U2 are returning to their "spiritual home" of Island Records for their next album, the Guardian reported over the weekend.
The band signed with the label — founded by Chris Blackwell in 1959 and longtime home to Bob Marley, Tom Waits, Traffic and many others — in the late 1970s and became one of its flagship acts. U2 remained with the label through two ownership changes, but moved to Mercury in the U.K. and Interscope in the U.S. several years after Island's sale to Universal Music Group in 1998.
According to the report, the band became unhappy with Island after chief Jason Iley moved to Mercury in the mid-2000s, and eventually followed him there. However, Universal recently shut down Mercury and moved many of its acts to the new imprint Virgin/EMI. Rather than do that, the group decided to return to Island, which is under new management.
"They are going back to their spiritual home," the source told the Guardian. The group also works closely with Interscope chief Jimmy Iovine, who produced its 1988 LP Rattle and Hum; a rep for Interscope told SPIN today that the new Island deal is for the U.K. only.
The band is expected to announce details of the new album, its first since 2009's No Line on the Horizon, in a commercial during the Super Bowl on February 2; an April release date is expected, and around a year ago Bono suggested the title might be 10 Reasons to Exist. The band worked with producer Danger Mouse (Gnarls Barkley, Beck) at Electric Lady Studios in New York and planned to complete the album by last month.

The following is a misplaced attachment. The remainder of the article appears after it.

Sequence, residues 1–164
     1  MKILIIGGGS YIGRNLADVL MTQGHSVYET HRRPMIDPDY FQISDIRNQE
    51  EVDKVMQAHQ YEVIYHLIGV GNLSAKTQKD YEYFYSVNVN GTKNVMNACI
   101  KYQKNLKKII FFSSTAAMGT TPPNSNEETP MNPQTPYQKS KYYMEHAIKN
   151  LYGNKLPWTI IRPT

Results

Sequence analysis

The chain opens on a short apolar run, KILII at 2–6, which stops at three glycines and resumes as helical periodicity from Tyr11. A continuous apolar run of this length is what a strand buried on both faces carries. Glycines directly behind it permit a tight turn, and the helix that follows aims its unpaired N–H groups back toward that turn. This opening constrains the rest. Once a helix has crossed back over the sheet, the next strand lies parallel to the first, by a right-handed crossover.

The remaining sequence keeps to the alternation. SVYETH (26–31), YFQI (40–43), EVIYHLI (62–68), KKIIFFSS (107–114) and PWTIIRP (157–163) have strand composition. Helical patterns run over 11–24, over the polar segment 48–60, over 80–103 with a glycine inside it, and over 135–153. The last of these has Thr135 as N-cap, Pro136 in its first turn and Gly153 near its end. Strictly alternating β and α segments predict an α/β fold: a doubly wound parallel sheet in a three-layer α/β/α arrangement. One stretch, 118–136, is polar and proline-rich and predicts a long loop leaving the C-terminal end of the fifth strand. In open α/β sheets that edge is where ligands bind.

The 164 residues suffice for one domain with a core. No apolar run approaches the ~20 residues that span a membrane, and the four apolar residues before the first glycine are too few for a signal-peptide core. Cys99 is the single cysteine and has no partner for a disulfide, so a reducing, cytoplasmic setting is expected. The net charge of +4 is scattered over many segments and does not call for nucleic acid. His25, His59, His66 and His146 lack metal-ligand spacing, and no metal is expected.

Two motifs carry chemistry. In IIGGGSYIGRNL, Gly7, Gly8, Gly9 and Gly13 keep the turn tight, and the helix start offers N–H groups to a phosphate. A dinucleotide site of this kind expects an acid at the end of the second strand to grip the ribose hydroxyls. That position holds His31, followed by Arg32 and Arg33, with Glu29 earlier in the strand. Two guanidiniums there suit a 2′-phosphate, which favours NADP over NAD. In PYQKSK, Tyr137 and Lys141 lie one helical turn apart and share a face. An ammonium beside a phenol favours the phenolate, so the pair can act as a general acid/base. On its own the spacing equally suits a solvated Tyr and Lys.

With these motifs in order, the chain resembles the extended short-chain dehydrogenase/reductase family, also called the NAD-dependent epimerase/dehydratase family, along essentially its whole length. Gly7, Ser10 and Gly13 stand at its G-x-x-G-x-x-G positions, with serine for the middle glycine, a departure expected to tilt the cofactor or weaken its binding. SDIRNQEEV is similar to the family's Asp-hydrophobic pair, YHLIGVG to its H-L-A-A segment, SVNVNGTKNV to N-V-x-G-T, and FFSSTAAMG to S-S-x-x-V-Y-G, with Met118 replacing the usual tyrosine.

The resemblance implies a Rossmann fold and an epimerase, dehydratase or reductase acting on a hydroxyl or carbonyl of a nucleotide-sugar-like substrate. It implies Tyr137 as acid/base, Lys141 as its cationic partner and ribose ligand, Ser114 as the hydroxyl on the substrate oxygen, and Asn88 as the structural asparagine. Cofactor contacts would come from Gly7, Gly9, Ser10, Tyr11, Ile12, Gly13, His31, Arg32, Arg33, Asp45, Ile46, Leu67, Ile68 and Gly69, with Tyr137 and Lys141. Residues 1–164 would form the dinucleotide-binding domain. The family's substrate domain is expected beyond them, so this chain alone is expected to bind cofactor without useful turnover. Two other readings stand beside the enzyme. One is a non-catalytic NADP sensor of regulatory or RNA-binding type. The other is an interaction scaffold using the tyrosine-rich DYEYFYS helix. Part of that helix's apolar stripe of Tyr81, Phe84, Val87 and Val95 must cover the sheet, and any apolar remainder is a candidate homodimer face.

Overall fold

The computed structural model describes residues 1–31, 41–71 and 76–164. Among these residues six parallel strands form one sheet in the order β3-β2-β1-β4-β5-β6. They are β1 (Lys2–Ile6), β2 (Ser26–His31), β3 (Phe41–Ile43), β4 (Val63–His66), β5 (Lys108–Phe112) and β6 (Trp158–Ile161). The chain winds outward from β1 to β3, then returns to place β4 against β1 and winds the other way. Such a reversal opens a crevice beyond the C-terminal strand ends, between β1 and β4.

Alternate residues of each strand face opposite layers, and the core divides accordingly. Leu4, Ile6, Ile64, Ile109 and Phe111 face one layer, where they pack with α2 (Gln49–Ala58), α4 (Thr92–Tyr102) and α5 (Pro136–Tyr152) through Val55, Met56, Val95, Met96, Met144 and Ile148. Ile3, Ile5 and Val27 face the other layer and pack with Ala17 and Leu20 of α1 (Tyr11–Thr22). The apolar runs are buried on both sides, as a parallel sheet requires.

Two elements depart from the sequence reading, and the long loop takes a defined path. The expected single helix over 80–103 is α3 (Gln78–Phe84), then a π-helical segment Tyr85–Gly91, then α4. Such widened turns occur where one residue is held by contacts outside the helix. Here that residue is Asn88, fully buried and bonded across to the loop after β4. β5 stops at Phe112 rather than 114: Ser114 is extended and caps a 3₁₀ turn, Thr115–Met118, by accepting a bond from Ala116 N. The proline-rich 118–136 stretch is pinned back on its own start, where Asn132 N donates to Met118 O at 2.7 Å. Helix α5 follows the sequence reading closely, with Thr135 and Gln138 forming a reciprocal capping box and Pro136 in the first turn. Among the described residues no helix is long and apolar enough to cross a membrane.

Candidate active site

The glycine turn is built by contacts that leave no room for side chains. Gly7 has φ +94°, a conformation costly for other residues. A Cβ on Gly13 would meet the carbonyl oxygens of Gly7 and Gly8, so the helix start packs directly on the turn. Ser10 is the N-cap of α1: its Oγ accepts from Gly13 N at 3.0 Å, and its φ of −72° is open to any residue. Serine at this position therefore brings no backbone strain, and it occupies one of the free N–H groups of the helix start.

"We're trying to get these 12 songs absolutely right and get them finished by the end of November, and then we can kind of enjoy Christmas," bassist Adam Clayton told Ireland's 98FM in October of the album. "It's a bit of a return to U2 of old, but with the maturity, if you like, of the U2 of the last 10 years. It's a combination of those two things and it's a really interesting hybrid."
"We always try to bring out something different, every time we're in the studio," guitarist the Edge told 98FM. "But it's the fans who decide that, really."
The band members did not comment on whether Coldplay's Chris Martin, who was spotted in the studio with the group, will contribute to the new LP.
Last month the group released its first new song in three years, a song for the Nelson Mandela biopic Long Walk to Freedom entitled "Ordinary Love."
U2 itself is under new management: Paul McGuinness, who guided the band's career since its earliest days, has moved to a chairman role at his Principle Management while the group's day-to-day affairs have been taken over by longtime Madonna manager Guy Oseary in a reported $30 million deal that saw both of their companies acquired by Live Nation.
U2's "360" tour, which concluded in 2011, was the biggest in history, grossing more than $736 million over two years.